Oscilloscope Trigger Source Selection

Most oscilloscopes are fitted with a switch to select the trigger source. In the case of a single-channel oscilloscope, this switch will have two positions:  INT for internal triggering and EXT for external triggering. In the INT mode, part of the signal is taken off from the input amplifier.

With multichannel oscilloscopes, the user can select channel A, channel B, etc., as trigger sources. Often a line-frequency trigger source is provided on single-channel and multichannel instruments, as well as EXT. It is important to understand which trigger source is most suitable for measurement. This is especially true when making multichannel and time-difference measurements.

With internal triggering, an internal trigger signal is derived from the vertical amplifier and switched to the input of the trigger circuits. In­ternal triggering is influenced by the setting of the AMPL/mv switch and the AC/oc switch but is not affected by any of the other vertical controls. For general applications, internal triggering is more convenient, because it does not require any extra connections. On the other hand, using external triggering makes triggering independent of vertical controls (amplitude setting and input coupling) and the input signal itself. This is especially helpful in tracing many time-related signals, as is often the case in fault-finding digital circuitry.

To measure two or more signals which are multiples of each other’s frequencies, such as signals coming from different counter stages, select the signal with the lowest repetition rate as the trigger source. Not doing so may cause double pictures in the chopped mode or a shifted time relationship in the alternate mode.

If only a one-channel oscilloscope is available, time measurements can be made if the EXT trigger input is used, measuring both signals sequentially and using one of them for external triggering.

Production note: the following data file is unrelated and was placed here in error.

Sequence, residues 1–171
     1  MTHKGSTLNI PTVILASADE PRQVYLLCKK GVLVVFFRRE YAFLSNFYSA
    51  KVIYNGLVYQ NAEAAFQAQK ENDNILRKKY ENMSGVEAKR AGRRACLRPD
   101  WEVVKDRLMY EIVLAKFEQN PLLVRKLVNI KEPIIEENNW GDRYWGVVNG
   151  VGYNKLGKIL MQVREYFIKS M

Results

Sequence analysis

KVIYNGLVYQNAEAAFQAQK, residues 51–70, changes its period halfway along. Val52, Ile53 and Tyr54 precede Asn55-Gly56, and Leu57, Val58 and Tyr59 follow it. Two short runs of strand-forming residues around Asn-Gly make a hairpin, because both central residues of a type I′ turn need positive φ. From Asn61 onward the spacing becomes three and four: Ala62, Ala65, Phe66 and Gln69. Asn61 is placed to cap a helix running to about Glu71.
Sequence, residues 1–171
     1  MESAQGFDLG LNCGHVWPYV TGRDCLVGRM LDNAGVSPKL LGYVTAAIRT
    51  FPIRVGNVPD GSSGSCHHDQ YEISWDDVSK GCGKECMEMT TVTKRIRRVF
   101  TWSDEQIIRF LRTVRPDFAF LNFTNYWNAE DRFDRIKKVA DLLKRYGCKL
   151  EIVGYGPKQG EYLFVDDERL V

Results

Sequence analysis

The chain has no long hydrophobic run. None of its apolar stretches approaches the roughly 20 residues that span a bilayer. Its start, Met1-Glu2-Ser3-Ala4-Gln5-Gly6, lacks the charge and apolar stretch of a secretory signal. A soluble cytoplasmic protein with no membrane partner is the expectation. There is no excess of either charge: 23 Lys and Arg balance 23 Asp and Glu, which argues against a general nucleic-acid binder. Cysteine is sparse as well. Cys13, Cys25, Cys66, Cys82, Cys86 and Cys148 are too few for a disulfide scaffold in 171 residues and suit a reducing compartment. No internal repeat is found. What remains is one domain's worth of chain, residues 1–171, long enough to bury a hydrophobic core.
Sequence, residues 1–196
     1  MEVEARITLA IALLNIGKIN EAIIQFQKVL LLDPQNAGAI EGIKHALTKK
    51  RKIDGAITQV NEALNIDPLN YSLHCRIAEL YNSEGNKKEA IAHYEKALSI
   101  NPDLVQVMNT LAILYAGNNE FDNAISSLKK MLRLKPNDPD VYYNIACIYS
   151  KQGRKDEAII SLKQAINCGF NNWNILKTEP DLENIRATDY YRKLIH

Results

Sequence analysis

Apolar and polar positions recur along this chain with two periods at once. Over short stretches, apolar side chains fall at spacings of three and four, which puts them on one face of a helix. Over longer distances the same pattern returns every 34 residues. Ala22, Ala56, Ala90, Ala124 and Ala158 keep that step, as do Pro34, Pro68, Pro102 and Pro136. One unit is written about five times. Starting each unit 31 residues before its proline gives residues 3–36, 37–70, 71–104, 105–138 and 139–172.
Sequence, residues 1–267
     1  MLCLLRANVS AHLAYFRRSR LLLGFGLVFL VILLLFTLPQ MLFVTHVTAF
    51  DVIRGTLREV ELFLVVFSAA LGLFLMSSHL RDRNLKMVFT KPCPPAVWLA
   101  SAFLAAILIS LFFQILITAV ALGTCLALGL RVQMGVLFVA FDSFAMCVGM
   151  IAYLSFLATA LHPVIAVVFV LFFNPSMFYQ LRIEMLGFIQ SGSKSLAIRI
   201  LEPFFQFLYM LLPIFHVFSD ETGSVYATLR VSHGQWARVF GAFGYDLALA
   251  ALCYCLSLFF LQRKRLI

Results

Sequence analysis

When LINE or MAINS is selected, a voltage derived from the power-line voltage is used as a trigger source. Mains triggering is of interest when it is suspected that there is a hum superimposed on the signal. Triggering from the line voltage results in a picture where multiples of the line frequency provide a stable display.  For example, it can be decided now whether a kind of amplitude modulation present on the signal originates from hum or from some other source.

Some oscilloscopes do have the facility to select composite triggering. Composite triggering has some interesting, though limited, applications. In the alternate mode, it is normally only possible to compare signals which are related in frequency. Composite triggering makes it possible to obtain a stable picture of two signals which are unrelated in frequency because with each sweep the trigger signal is also switched to the other channel. For example, it is possible to apply an accurate timing signal to channel A, apply the unrelated signal to be measured to channel B and obtain a stable display for the comparison of the two signals.

Another useful application is in the differential mode. It is not only possible to display the difference of two signals, but in the composite trigger mode, triggering may occur also on the difference signal.  Any instability in triggering due to common-mode voltages present in both signals A and B is considerably reduced by triggering on the difference signal in which the common-mode signal is strongly reduced.

References

https://www.electronics-notes.com/articles/test-methods/oscilloscope/oscilloscope-trigger.php

http://www.hobbyprojects.com/oscilloscope_tutorial/oscilloscope_trigger_controls.html

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